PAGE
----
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Old 04-18-11, 11:47 PM
karenb1310 karenb1310 is offline
Join Date: Feb 2009
Posts: 118
Default Molding future newspaper people now rather than later

Arkansas Newspaper Foundation’s internship program
by ANF Board President, Byron Tate

The deadline is approaching for applying for the Arkansas Newspaper Foundation’s internship program, and we hope the process will be easier with the changes made in the application process.

The foundation board recently and discussed ways of getting more students and newspapers involved. The way the process was geared before required newspapers to apply and for students to apply, and then the foundation tried to put the two together. More times than not, it seems, the matchmaking efforts failed.

What was happening was that newspapers that wanted to be a part of the program couldn’t find students who wanted to work as interns in those locals. In the end, interested newspapers would be unable to participate basically due to a lack of interest from the crop of available students.

All of the above is still part of the program — newspapers still have to apply and will be chosen on a first-come, first-served basis, and students may still apply. And we at the foundation will still try to put interested students together with interested newspapers.

What’s changed is that newspapers also can locate their own student interns rather than applying for the internship program and hoping a student somewhere out there wants to work for them.

If you know of a student who is coming back home for the summer from college, for instance, and you want to put her to work as an intern in some part of your operation, that’s fine. In the past, the foundation required that an intern be in college, but we’ve broadened that to include students just out of high school who are planning on attending college.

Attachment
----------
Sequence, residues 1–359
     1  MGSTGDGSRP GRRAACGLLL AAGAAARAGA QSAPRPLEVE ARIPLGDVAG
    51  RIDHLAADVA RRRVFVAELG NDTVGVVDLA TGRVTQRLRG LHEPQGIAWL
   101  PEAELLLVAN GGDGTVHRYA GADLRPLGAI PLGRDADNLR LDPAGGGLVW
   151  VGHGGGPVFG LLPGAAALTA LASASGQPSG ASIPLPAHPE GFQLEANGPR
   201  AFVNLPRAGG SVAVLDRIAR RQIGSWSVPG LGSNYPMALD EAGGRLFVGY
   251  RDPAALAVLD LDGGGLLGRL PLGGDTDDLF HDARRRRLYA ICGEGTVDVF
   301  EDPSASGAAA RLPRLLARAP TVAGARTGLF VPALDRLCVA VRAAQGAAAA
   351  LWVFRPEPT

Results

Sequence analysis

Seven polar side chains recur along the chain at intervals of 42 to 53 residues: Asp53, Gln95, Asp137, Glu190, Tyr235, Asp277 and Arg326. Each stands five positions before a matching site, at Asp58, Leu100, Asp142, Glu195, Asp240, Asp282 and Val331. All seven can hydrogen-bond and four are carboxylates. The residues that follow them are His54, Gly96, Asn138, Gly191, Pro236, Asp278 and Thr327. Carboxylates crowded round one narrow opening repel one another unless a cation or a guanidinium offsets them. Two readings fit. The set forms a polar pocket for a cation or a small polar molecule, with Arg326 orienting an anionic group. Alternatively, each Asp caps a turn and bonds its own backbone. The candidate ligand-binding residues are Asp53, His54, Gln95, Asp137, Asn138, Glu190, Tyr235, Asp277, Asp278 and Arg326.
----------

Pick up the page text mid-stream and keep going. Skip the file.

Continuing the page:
We realize that “planning on attending college” is a bit shaky in terms of verifying college attendance, but the foundation trusts that newspaper executives will look for and find the most qualified candidates for these positions, and we’re not going to ask for a refund if Joe College, who is right out of high school and who had every intention of going to college in May, decides in August not to go. See, we’re really trying to make this easy.

If you are able to identify a student intern on your own, we’ll need that person to get in touch with us so the student can fill out an application.

The money basics haven’t changed. The foundation will provide $1,500, which is to be matched by at least $1,500 from the participating newspaper. We say “at least” because newspapers are certainly allowed to kick in more than $1,500. Out of that $3,000 (or more), newspapers are responsible for setting the pay and scheduling the student to work between eight and 10 weeks. At one newspaper last summer, the intern wanted to be paid a little less per hour so he could work longer and not extend past the total of $3,000 in compensation. Again, you are more than capable of working out the details.

Our goal is to put students who are interested in the newspaper industry as a profession into that line of work for the summer. The students gain valuable experience and maybe even decide if that’s what they really want to do, and the newspaper gets some needed help during the summer and maybe identifies someone it may want to hire full time down the road.

But you have to apply, and there are just four slots; so if you’re interested, get busy.

About the intern mentioned above — he graduated from college in December and is now working full time where he interned. Occasionally, our matchmaking efforts work rather well! Contact Karen Brown at or download the host newspaper application form at Please disregard the deadline.
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